Tuesday, April 14, 2015

School Tools: Your wish is my command!

By Kent Remund

If you grew up in the 70’s and 80’s, you dreamed of the possibilities of controlling things through voice.  

From the Jetsons, to Star Trek and Knight Rider, I imagined how cool it would be to be able to speak some commands and have powerful actions taken place. For the most part, those days are happening now.   

Speech recognition for computers has been around for the past 10 -15 years, but it has made significant progress in the past couple of years through smartphones and even the ability to talk to your car.

Speech recognition enables an individual to turn their speech into text to operate their phone, tablet and computer using voice commands, e.g., create documents, send email, text messages and control applications. 

For students who struggle with the writing process because of physical limitations, vision impairments or specific learning difficulties, this software has proven to be a successful assistive technology solution. 

There are typically 4 different methods used to evaluate and assist individuals with voice to text. These include Windows Speech Recognition, Dictation for Mac, and Dragon Naturally Speaking.  

These three programs work best using a USB microphone which allows for a “cleaner” audio input for the computer to process. The fourth program uses tablets or smart phones.   

Let’s look at each in more detail:

Windows Speech Recognition: Microsoft began including speech recognition in their operating system (OS) beginning with Vista and has continued to do so through their OS. This recognition works quite well for speech to text but really excels in providing variety operations using a windows computer through voice for those with limited mobility and limited mouse/keyboard use. 

Windows speech recognition can be launched through the accessibility/ease of access features. Once a short microphone compatibility test is done, Windows Speech Recognition works well. Typically, there's upwards of 80 – 85% accuracy for the average individual with a strong, consistent voice. Microsoft provides good usability and best of all, FREE with all windows computers.
Screen shot of Windows Speech Recognition.
Screen shot of Windows Speech Recognition.

Dictation for Mac: Speech recognition has come a long way over the past couple years from Apple. Yosemite operating system made a huge jump with dictation that comes with every Cac computer. There are many computer commands built in, and it has the ability for the individual to create new dictation commands. 

Accuracy levels are typically above 90 percent with most individuals and are easy to launch by pressing the left function (fn) key twice. Apple provides great usability and best of all it is FREE with every new Apple computer.  
Mac Dictation screen shot.
Mac Dictation screen shot.

Dragon Naturally Speaking: Dragon was one of the first voice recognition programs. It was created in 1997, and has been the leader in voice recognition through the years. Dragon comes as a full software install on a computer. Once an individual trains their voice with dragon, it is extremely accurate at 99 percent. Dragon will continue to learn and grow with the user and their voice commands. Dragon for PC and Mac starts as low as $99.00 and is an excellent choice for someone that uses voice commands on a daily basis.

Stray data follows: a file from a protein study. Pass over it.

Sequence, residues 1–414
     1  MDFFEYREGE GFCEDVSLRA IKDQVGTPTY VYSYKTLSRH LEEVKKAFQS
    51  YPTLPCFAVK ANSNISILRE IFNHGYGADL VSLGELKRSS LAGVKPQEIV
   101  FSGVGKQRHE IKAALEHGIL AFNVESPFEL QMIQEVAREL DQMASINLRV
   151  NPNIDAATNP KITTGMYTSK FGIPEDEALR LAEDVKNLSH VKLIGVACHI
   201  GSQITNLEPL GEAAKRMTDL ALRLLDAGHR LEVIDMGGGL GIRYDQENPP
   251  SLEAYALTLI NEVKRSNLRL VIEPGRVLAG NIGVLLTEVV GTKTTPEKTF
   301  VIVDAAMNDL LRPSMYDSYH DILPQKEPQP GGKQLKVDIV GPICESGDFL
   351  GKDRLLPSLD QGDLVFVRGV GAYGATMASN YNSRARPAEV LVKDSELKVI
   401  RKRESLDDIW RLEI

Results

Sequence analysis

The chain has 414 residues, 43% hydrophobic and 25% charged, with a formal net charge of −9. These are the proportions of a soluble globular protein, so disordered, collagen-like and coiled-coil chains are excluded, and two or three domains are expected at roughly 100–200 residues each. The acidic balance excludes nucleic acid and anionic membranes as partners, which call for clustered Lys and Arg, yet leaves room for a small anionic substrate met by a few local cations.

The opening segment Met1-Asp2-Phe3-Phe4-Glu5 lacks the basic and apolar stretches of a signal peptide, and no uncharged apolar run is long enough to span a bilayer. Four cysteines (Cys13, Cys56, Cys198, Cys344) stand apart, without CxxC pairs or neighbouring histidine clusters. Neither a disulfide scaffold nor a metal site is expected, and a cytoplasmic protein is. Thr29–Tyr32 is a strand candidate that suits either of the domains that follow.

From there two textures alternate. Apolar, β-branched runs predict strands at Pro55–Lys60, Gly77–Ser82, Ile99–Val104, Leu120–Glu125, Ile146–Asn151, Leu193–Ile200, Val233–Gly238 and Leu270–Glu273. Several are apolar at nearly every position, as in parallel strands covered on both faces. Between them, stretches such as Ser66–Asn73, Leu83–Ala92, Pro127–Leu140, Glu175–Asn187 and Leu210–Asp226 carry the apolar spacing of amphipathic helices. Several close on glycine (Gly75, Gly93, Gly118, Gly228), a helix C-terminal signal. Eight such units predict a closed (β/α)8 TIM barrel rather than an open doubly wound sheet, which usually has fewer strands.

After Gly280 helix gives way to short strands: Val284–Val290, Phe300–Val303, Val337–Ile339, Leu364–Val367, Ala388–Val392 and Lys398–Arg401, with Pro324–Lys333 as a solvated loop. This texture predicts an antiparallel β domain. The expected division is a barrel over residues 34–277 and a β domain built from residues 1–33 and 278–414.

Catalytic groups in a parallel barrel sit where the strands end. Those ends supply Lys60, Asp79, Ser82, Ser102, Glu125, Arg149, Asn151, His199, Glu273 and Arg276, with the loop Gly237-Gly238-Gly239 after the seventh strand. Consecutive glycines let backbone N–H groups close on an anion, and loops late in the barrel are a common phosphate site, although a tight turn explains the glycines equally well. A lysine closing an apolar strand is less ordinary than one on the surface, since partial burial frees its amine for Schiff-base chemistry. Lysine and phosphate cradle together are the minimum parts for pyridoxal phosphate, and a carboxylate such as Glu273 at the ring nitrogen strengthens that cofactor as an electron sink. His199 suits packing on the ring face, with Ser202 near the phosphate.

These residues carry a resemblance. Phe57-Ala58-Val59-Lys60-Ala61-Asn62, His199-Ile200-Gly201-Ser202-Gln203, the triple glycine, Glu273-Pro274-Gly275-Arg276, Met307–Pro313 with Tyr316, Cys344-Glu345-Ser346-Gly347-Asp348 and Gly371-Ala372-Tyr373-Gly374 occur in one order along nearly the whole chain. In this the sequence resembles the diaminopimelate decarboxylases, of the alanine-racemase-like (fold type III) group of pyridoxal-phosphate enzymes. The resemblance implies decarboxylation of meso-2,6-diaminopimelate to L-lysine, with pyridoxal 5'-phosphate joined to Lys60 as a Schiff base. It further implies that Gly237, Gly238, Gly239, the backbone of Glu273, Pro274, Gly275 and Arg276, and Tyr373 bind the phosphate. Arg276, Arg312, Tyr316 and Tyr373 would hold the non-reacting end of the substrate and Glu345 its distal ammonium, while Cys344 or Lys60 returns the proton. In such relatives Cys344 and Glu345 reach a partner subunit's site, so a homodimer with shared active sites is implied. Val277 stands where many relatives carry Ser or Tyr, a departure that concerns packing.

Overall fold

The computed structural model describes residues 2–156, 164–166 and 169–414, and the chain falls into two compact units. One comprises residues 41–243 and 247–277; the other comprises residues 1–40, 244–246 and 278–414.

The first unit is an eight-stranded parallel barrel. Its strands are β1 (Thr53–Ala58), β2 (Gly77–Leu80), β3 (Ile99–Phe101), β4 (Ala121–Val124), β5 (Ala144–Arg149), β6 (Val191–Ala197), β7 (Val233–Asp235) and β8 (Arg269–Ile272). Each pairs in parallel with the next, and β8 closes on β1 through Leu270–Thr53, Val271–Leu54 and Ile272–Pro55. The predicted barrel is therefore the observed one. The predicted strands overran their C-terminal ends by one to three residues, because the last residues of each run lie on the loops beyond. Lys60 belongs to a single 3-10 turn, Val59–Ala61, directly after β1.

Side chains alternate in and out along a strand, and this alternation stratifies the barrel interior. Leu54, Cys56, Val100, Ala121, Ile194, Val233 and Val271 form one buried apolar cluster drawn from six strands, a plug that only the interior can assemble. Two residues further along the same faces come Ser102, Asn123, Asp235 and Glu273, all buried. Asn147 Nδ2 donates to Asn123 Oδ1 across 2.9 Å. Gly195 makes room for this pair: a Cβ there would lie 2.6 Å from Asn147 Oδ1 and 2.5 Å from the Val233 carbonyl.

Dragon Naturally Speaking screen shot.
Dragon Naturally Speaking screen shot.

Tablets and Smart Phones: Many individuals are simply using their tablets and smart phones for speech to text and other voice activation commands.  Android, Apple and Microsoft added a microphone button to the keyboard when it is present on the screen.  

Simply press this microphone and dictate into an email, text, notes or any area that you would normally enter text. Many other commands are available such as asking the weather conditions, checking stocks and hundreds of other commands through Siri, Ok Google or Cortana. 

The drawback to using this technology is that the user must be connected to the internet or a data plan for their speech to be converted to text. There is also a limit in how much can be spoken into the devices at one time. Typically this is a short paragraph before needing to press the microphone button once again.  
Smart phone speech to text microphone key.
Smart phone speech to text microphone key.

Overall, there are many variables in how accurate each of these systems converts speech to text for each individual. These are a few of the alternate solutions for students to complete coursework that seems to work well for many with learning disabilities and other writing challenges. 

Kent Remund is part of the Utah Center for Assistive Technology serving Utahns with disabilities, and a member of the Utah Assistive Technology Teams serving Utah school districts.  

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